Christopher Rufo: AT&T’s racial reeducation promotes idea that 'racism is a uniquely white trait’

Chris Rufo: Critical race theory ‘endemic’ in America’s Fortune 100 companies

Manhattan Institute senior fellow discusses ‘woke’ indoctrination in corporate America on ‘The Ingraham Angle.’

Editor’s note: This column was first published in City Journal.

AT&T Corporation has created a racial reeducation program that promotes the idea that “American racism is a uniquely white trait” and boosts left-wing causes such as “reparations,” “defund police,” and “trans activism.”

I have obtained a cache of internal documents about the company’s initiative, called Listen Understand Act, which is based on the core principles of critical race theory, including “intersectionality,” “systemic racism,” “white privilege,” and “white fragility.” 

CEO John Stankey launched the program last year and, subsequently, has told employees that private corporations such as AT&T have an “obligation to engage on this issue of racial injustice” and push for “systemic reforms in police departments across the country.” 

According to a senior employee, who agreed to speak on condition of anonymity, managers at AT&T are now assessed annually on diversity issues, with mandatory participation in programs such as discussion groups, book clubs, mentorship programs, and race reeducation exercises. 

White employees, the source said, are tacitly expected to confess their complicity in “white privilege” and “systemic racism,” or they will be penalized in their performance reviews. As part of the overall initiative, employees are asked to sign a loyalty pledge to “keep pushing for change,” with suggested “intentions” such as “reading more about systemic racism” and “challenging others’ language that is hateful.” “If you don’t do it,” the senior employee says, “you’re [considered] a racist.”

On the first page of AT&T’s Listen Understand Act internal portal, the company encourages employees to study a resource called “White America, if you want to know who’s responsible for racism, look in the mirror.” 

The article claims that the United States is a “racist society” and lays out its thesis plainly: “White people, you are the problem. Regardless of how much you say you detest racism, you are the sole reason it has flourished for centuries.” 

The author, Dahleen Glanton, writes that “American racism is a uniquely white trait” and that “Black people cannot be racist.” White women, she claims, “have been telling lies on black men since they were first brought to America in chains,” and, along with their white male counterparts, “enjoy the opportunities and privileges that white supremacy affords [them].”

Another resource included in the program in an article which argues that “COVID-19 may have actually helped prepare us to confront in a deeper, more meaningful way the many faces of racism and how entrenched it is in society.”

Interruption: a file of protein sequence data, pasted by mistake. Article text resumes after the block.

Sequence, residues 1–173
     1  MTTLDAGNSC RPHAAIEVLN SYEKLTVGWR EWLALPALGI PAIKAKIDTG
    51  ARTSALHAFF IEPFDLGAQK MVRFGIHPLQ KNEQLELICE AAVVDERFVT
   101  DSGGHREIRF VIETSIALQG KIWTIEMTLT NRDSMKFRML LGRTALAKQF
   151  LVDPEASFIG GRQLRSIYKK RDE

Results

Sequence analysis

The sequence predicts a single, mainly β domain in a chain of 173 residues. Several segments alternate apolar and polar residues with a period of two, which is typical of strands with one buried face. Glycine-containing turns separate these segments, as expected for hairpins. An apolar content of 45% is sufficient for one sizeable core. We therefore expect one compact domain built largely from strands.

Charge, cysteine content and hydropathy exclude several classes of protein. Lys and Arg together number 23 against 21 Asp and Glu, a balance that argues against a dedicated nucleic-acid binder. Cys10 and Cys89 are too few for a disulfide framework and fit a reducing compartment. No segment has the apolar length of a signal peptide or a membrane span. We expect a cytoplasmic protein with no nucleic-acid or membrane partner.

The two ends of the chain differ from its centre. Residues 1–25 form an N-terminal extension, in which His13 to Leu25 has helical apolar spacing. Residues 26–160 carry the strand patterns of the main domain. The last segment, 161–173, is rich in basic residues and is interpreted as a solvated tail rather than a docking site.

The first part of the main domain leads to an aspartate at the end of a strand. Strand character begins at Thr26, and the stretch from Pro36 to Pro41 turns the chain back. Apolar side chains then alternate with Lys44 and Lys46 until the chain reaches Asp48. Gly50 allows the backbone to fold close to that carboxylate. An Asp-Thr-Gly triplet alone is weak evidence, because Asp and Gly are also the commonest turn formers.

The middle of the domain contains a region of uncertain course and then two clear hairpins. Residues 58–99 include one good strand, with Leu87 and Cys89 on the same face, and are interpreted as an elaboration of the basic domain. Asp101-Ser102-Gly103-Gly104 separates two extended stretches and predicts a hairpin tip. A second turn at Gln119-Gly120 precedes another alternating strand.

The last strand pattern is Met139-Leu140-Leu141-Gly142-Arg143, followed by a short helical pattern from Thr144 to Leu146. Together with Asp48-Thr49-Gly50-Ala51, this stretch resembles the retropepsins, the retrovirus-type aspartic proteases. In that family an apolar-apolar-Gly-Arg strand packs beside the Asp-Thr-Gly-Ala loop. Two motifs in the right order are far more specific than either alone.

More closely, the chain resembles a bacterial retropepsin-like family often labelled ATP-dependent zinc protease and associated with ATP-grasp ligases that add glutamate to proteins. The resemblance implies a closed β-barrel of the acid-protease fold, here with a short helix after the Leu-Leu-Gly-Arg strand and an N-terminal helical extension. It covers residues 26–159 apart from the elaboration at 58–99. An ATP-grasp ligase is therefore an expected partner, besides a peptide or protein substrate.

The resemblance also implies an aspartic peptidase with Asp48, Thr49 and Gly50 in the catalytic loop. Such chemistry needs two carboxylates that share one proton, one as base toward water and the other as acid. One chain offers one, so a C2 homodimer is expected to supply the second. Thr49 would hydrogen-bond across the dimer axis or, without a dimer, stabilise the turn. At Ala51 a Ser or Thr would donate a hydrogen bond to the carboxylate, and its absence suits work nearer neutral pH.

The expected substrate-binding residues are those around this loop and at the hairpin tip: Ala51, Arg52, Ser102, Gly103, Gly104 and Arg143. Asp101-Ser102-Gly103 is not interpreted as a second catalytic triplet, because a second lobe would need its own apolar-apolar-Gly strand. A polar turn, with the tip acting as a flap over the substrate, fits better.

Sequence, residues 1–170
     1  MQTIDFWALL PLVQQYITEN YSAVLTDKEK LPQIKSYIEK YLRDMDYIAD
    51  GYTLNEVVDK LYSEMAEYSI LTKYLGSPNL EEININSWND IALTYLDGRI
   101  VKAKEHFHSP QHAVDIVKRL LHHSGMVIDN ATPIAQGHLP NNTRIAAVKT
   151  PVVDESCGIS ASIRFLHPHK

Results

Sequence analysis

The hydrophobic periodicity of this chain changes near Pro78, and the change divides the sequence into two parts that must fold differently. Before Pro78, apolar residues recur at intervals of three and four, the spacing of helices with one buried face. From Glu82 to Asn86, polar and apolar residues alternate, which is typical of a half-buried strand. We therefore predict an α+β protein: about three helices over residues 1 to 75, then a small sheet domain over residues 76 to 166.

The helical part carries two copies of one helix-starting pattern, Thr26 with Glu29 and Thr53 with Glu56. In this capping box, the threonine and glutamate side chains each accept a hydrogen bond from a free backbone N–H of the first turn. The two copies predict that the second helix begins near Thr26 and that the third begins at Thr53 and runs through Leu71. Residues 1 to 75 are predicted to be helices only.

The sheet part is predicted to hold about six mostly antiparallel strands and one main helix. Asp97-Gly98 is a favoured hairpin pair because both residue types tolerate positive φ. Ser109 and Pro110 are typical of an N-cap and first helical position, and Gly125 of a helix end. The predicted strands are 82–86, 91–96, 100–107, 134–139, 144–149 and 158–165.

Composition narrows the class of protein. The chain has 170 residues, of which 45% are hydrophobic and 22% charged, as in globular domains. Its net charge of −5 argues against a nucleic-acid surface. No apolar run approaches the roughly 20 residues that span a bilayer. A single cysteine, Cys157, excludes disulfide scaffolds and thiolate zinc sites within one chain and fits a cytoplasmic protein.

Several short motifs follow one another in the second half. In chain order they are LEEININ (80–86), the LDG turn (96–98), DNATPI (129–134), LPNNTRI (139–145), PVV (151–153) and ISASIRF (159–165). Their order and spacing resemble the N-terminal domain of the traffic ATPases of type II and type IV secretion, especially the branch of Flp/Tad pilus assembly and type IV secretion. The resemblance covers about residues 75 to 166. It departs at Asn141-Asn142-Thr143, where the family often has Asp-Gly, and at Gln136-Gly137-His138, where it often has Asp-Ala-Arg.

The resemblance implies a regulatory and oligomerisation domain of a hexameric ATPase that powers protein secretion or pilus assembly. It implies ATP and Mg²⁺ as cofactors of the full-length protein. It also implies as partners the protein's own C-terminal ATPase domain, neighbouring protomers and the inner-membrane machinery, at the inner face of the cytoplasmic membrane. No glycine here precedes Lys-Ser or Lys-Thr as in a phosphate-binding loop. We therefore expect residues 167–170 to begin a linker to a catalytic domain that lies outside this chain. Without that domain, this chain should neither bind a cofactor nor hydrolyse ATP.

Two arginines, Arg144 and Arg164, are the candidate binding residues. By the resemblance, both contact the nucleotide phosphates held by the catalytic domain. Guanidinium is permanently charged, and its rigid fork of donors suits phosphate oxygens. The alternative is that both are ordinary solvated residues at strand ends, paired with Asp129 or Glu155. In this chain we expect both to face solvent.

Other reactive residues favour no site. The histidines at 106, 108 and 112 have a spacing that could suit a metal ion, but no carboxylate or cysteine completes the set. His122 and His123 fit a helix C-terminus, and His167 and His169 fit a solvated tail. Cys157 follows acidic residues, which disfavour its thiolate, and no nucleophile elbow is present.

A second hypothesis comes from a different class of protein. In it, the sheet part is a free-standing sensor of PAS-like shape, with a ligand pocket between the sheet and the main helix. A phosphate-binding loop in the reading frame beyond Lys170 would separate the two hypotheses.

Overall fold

According to the article, written by Andrés Tapia of the consulting firm Korn Ferry, the pandemic has created a “brooding sense of always feeling vulnerable” for white Americans, which has forced them to fear imminent death, which “many Blacks live with every day.” 

Furthermore, as millions of Americans have lost their jobs and secured unemployment benefits, they “have more time” to attend street protests, which provided “a way to feel like one could have an impact.” As a result, Tapia argues, the pandemic established the conditions for a sense of “shared helplessness” that has resulted in political activism.

In the “Act” section of the training program, AT&T encourages employees to participate in a “21-Day Racial Equity Habit Challenge” that relies on the concepts of “whiteness,” “white privilege,” and “white supremacy.” 

The program instructs AT&T employees to “do one action [per day for 21 days] to further [their] understanding of power, privilege, supremacy, oppression, and equity.” The challenge begins with a series of lessons on “whiteness,” which claims, among other things, that “white supremacy [is] baked into our country’s foundation,” that “Whiteness is one of the biggest and most long-running scams ever perpetrated,” and that the “weaponization of whiteness” creates a “constant barrage of harm” for minorities. 

The 21-Day Challenge also directs employees to articles and videos promoting fashionable left-wing causes, including “reparations,” “defund police,” and “trans activism,” with further instruction to “follow, quote, repost, and retweet” organizations including the Transgender Training Institute and the National Center for Transgender Equality. 

AT&T is another Fortune 100 company that has succumbed to the latest fad: corporate “diversity and inclusion” programming that traffics in the ugly concepts of race essentialism and collective guilt. 

The company has publicly pledged itself to a set of principles that include, “When we make a mistake, we have the character and courage to make it right and learn from it.” 

If that commitment is genuine, CEO John Stankey should immediately scrap Listen Understand Act, apologize to his workers and customers, and develop a program that does not vilify certain racial groups and promote divisive and destructive ideas.  

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